This week someone asked me if I thought tiered customer support was a good thing.
My answer was No … and also Yes.
This is because it depends entirely on the purpose and how it’s implemented.
It’s all about the $$$
Most companies implement tiered support as a cost-savings measure. It can be hard and expensive to hire support staff that have the “total package”.
People that have great soft skills, while also having a high ceiling for hard skills are rare. They are harder to find and more expensive to hire and retain. For this reason, many companies resort to hiring (or outsourcing) an initial layer of customer support that is only meant to handle the easy stuff. By only handling easy/one-touch interactions, it reduces the entry barrier dramatically. Your hiring pool broadens exponentially and training/onboarding becomes faster and cheaper.
So what’s the problem with this?
It’s typically a recipe for a bad customer experience. Yes, that tier 1 team can handle the quick and easy stuff. However, what about anything outside that? For anything else, it often turns into a barrier for customers where they look at tier 1 support as something you have to navigate/fight past in order to “get someone who knows what they’re doing”. This further perpetuates the “Can I speak to a manager” culture.
Because the intention here is cost savings, the time and resources aren’t put into training and developing tier 1 support. As a result, your tier 1 support will often end up giving out incorrect, conflicting, or frustrating advice when asked about something that they haven’t been trained on.
“Wouldn’t the Tier 1 support just forward anything they don’t know to Tier 2?”
Sometimes. But often not.
Because this is all about the money, these sorts of team structures are often incentivized around preventing escalations. Escalations cost more money, so the focus will be on volume and not creating escalations. Plus you haven’t invested as much as you should in soft-skills training (again, it’s about the money). So now you get templated answers that lead to a frustrating experience and the team becomes more of an obstacle than an aid.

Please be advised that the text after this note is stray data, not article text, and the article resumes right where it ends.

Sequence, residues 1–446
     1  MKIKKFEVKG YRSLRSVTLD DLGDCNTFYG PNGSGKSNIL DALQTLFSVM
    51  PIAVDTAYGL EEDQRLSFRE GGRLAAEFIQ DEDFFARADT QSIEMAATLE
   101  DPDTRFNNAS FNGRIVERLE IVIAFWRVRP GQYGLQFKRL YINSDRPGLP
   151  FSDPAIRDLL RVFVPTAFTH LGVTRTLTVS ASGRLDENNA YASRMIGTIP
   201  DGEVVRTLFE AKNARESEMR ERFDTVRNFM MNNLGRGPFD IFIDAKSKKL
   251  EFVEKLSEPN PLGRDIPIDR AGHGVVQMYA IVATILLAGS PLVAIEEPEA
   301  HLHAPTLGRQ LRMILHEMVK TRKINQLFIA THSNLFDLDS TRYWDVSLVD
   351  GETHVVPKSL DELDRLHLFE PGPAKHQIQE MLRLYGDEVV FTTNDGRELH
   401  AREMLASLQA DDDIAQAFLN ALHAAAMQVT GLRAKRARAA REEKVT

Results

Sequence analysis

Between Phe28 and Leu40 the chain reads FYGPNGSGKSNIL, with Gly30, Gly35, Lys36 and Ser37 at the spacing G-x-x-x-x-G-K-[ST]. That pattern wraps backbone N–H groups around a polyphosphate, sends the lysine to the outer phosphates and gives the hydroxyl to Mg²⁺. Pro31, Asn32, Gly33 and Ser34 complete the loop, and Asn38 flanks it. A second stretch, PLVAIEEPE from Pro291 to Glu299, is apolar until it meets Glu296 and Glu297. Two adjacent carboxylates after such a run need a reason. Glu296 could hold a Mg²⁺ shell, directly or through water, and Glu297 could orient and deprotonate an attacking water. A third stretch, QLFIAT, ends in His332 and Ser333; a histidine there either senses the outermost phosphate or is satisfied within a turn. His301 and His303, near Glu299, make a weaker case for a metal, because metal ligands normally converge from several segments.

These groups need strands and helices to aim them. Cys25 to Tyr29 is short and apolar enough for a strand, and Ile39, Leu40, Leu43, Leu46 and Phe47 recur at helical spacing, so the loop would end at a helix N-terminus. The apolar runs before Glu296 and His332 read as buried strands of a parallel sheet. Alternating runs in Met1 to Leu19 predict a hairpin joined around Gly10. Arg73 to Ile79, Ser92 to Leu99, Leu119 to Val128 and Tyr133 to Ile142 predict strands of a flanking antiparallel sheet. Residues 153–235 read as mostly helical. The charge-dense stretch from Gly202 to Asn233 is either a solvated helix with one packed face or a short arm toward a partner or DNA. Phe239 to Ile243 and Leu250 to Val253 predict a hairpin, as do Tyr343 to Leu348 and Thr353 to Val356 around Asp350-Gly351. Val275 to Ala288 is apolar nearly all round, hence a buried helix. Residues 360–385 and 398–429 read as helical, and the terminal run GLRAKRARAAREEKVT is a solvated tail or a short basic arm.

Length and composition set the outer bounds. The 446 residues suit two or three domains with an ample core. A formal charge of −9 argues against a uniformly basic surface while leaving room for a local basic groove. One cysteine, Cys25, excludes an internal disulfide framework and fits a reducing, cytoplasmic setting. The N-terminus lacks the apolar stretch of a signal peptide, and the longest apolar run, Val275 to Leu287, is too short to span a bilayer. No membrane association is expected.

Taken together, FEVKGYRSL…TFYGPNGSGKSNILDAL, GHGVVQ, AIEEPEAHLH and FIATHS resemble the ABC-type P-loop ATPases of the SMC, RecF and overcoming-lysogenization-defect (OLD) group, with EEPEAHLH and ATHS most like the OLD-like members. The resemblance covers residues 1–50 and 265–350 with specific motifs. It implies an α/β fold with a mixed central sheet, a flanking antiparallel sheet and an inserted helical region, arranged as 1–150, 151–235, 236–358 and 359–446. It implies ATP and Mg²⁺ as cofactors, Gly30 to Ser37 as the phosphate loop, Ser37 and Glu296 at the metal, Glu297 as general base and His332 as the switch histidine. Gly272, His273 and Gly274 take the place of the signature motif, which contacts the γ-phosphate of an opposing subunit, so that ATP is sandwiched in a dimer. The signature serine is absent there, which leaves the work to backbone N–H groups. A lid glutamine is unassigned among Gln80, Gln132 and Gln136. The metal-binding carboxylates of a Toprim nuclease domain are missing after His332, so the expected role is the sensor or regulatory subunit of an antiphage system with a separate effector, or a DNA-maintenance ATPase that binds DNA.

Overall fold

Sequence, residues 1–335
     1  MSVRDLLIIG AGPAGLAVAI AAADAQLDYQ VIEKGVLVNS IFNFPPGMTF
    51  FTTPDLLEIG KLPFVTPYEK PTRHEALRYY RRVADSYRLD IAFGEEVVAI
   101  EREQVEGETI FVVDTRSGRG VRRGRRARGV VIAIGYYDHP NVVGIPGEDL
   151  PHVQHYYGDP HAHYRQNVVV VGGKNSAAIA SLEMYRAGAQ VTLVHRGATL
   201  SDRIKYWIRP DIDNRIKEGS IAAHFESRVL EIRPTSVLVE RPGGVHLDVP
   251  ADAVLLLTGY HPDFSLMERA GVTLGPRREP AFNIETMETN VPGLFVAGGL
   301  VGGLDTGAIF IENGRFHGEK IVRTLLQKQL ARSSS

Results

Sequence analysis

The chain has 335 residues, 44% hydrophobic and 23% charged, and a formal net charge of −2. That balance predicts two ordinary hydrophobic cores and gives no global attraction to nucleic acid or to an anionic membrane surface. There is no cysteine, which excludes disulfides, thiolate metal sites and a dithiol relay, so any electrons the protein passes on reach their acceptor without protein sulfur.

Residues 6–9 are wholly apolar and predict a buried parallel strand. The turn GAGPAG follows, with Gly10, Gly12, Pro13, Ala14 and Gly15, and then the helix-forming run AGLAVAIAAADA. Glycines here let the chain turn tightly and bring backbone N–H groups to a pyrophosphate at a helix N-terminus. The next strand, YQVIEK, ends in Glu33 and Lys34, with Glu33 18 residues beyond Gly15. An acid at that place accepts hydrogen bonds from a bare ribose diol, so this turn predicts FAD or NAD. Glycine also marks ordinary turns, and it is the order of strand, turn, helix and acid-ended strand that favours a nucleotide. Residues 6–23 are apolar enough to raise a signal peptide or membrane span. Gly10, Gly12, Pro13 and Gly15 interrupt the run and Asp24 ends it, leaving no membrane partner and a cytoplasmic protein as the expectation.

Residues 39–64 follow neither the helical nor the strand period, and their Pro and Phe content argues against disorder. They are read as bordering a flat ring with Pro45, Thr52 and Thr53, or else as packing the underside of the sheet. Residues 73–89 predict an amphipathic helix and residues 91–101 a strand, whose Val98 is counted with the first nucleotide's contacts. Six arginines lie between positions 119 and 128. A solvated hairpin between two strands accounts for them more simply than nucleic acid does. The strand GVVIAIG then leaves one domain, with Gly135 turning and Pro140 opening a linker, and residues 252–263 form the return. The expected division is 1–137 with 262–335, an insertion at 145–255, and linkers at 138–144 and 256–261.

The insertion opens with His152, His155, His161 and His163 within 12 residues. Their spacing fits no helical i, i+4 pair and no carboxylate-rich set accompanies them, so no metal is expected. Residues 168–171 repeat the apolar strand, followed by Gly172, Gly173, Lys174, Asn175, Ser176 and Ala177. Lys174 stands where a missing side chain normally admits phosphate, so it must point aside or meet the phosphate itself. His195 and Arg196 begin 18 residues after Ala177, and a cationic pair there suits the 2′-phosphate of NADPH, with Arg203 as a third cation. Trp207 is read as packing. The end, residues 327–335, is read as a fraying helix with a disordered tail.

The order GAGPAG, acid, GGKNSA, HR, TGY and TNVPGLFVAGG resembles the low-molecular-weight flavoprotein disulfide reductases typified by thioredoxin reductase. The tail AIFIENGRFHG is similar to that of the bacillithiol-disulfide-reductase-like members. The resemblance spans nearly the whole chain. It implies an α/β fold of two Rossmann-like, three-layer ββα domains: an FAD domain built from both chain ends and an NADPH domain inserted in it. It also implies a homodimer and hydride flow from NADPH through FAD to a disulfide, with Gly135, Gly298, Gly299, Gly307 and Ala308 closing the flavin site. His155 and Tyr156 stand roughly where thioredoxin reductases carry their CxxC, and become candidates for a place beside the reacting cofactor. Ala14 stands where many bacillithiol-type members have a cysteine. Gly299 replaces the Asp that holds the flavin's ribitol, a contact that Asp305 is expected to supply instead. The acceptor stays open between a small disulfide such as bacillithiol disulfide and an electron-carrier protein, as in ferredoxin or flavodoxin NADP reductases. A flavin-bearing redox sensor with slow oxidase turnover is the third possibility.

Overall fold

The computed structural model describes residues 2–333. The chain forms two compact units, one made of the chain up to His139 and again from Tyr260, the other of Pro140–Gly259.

Can tiered support be done well?
At the start is said Yes and No. So there has to be something we can do?
Take away the financial benefits.
If you are doing tiered support because it will save money, it’s an inevitable ride down the mountain chasing dollars. You’ll cut more and more corners and the customer experience will be poor.
However, if you are doing tiered support for the purpose of providing a great customer experience – you can actually improve customers’ overall experience.
Depending on your service or product, there is likely a certain degree of niche knowledge. This is important stuff to know, but may be difficult or time-consuming to train for.
This could be things:
- Rare use cases that are outside the norm
- Technical skills like reading/writing code
- Due simply to your support having a huge scope. If you selling 200 unique products, it’s not likely your team will be an expert on ALL of them at the same time.
In these situations, it makes sense to break that knowledge up. Have different groups of people specialize.
There are three very important pieces to making this setup work.
- Notice that I said “groups of people”. You should never rely on a single person as the sole source of information for anything in your company. Knowledge silos can be deadly to a team when someone leaves the company. There should always be redundancy.
- Everyone on the team should have the same core training and development. And everyone should be equally empowered. There shouldn’t be a difference in the experience a customer has, based purely on the nature of their question.
- Always minimize transfering a customer. But when you need to, it should be done early in the interaction and should be done in a seemless and positive manner.
The same person that asked me this question, also asked if I could point to companies that I felt do this well. Nothing came to mind at the time, aside from companies I had worked with – which obviously has a level of bias. However the more I thought about it, the more it made sense that I didn’t instantly have examples. This is because of point number three above. If done well, this should be transparent and feel natural to customers.
If your team all has the same core training, development, and empowerment – they are capable of making a great experience for a customer.
They’ll be more aware of their blind spots and when to ask for help.
They’ll also be more aware of what specialized knowledge other teammates have over them.
Being able to recognize when a interaction should be handled by someone else comes easier. In those situations, you want to act on that right away. There’s no point in having a customer go through a 10-minute conversation with you if you know you ultimately can’t help them, but someone else can.
How you move that customer within your team is important.
No one wants to feel tossed around.
A handoff should always be positioned as a benefit to the customer. Champion your colleagues as “specialists” for that specific type of question and frame your language around connecting the customer with the most knowledgeable person.
To support those handoffs, you also need to ensure that your team infrastructure supports a seamless crossover. If you need to pass a customer to another group whose SLA is 10x another group, that’s a problem. You need to train up more people to support that queue, otherwise, customers are just being handed off into the abyss.
Creating specializations within your support team is a great way to stimulate the team with new learning opportunities, foster cross-collaboration, and scale your support requests.
If done properly, you can create a system that is totally transparent to customers, while also improving the overall experience.